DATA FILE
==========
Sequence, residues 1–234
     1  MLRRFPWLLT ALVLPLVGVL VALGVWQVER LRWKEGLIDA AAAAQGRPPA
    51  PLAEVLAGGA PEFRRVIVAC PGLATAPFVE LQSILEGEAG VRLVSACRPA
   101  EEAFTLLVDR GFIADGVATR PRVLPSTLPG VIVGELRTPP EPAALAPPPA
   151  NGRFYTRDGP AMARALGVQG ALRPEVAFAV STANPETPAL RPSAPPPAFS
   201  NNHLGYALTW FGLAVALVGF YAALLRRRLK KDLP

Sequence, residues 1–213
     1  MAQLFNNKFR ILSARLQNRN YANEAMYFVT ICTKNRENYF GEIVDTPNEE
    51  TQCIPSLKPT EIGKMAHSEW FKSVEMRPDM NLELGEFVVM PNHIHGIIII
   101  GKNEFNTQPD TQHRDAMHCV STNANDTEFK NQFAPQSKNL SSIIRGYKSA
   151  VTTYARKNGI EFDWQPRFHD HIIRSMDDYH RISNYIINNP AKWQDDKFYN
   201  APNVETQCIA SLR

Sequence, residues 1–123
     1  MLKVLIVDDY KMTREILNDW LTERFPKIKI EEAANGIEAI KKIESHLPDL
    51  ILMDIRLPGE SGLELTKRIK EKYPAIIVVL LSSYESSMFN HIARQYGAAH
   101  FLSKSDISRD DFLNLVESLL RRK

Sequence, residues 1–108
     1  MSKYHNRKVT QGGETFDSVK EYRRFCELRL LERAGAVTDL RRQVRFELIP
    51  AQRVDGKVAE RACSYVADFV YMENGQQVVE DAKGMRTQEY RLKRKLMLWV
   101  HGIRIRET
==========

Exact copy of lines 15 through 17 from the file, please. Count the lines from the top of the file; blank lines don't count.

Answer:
    51  ILMDIRLPGE SGLELTKRIK EKYPAIIVVL LSSYESSMFN HIARQYGAAH
   101  FLSKSDISRD DFLNLVESLL RRK

Sequence, residues 1–108